South Carolina passes law allowing pharmacists to prescribe contraceptives
South Carolina this week joined 15 other states and the District of Columbia in passing a law allowing pharmacists to prescribe birth control pills without a doctor’s visit.
Republican Gov. Henry McMaster, who said earlier this month that he would support a complete ban on all abortions without exception if the US Supreme Court’s ruling guaranteeing abortion rights is overturned, said told reporters that he supported the birth control bill because it would lay the groundwork for eliminating abortions in the state.
“If South Carolina wants to be a pro-life state, we need to empower people to avoid unwanted pregnancies,” McMaster told reporters last week about her plans to sign the bill, according Post and courier.
Similar to pharmacy access laws in other states, South Carolina‘s new law allows pharmacists to prescribe contraceptives without a doctor’s visit or prescription, making “the pill,” as hormonal pills, and other self-administered hormonal contraceptives are often called more accessible and affordable. South Carolina law allows pharmacists to opt out of the program if they choose.
As of 2016, 15 states and the District of Columbia have implemented programs allowing pharmacies to access contraception: California, Colorado, Hawaii, Idaho, Illinois, Maryland, Minnesota, New Mexico, North Carolina, Oregon, Tennessee, Utah, Virginia, Washington and West Virginia.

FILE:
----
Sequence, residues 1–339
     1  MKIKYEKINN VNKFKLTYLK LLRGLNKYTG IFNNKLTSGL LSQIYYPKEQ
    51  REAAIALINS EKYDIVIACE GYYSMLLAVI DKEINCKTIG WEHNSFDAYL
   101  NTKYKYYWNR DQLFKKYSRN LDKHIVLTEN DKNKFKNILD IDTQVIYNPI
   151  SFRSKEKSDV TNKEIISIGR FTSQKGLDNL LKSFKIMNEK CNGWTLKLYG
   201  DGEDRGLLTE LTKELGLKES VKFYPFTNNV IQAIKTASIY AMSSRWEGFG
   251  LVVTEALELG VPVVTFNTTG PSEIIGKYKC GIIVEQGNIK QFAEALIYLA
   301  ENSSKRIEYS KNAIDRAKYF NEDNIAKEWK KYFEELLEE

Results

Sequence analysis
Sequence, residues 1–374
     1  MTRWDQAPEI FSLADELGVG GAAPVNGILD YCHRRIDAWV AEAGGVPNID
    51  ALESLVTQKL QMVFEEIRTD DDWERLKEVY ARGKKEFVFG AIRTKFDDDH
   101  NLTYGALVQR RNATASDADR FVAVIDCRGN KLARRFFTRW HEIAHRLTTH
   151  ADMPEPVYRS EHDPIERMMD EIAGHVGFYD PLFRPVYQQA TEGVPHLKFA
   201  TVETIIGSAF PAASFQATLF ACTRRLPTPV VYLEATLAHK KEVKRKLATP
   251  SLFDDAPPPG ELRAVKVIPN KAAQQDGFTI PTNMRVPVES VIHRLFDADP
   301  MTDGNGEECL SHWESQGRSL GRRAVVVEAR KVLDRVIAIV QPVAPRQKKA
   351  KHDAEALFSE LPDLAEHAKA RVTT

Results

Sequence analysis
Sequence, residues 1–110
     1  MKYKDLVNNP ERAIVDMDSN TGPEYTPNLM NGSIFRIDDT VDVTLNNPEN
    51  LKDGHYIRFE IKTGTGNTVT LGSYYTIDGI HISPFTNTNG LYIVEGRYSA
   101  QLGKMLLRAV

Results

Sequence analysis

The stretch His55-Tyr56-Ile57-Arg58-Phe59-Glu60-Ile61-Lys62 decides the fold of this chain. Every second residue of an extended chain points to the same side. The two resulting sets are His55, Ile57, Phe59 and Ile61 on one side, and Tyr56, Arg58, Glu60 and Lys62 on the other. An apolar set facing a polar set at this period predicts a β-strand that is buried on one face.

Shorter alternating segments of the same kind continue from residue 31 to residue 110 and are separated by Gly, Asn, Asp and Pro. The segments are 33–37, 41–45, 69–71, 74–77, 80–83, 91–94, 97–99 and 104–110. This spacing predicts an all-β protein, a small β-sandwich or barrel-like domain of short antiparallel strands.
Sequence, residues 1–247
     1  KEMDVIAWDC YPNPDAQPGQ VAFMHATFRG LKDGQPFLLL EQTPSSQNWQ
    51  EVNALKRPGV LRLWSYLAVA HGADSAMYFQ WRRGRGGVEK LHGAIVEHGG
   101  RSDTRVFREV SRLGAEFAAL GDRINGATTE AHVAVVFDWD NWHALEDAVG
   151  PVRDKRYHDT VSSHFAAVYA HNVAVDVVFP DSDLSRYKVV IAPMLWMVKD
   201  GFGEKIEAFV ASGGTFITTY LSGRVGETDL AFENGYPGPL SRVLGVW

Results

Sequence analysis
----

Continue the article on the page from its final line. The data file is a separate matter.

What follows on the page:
Laws allow anyone to obtain birth control pills from a pharmacy. According to the Guttmacher Institute, which supports access to birth control and abortion, programs that allow pharmacists to prescribe contraceptives without a doctor’s visit have been shown to be safe and effective.
Yet other state lawmakers who oppose abortion signal plans to limit access to certain types of contraception.
More than 19 million women of childbearing age in the United States in need of publicly funded contraception live in areas without easy access to health centers offering a full range of contraceptive methods, according Power to Decide, an organization that helps guide people to available contraceptives.
A 2019 study in four states showed that women who were prescribed contraceptives by pharmacists were younger, had less education and were more likely to be uninsured. According to a report healthcare consultants Manatt Health.
The South Carolina law is expected to take effect in December and gives state pharmacy regulators six months to draft rules for participation, including education and reporting requirements.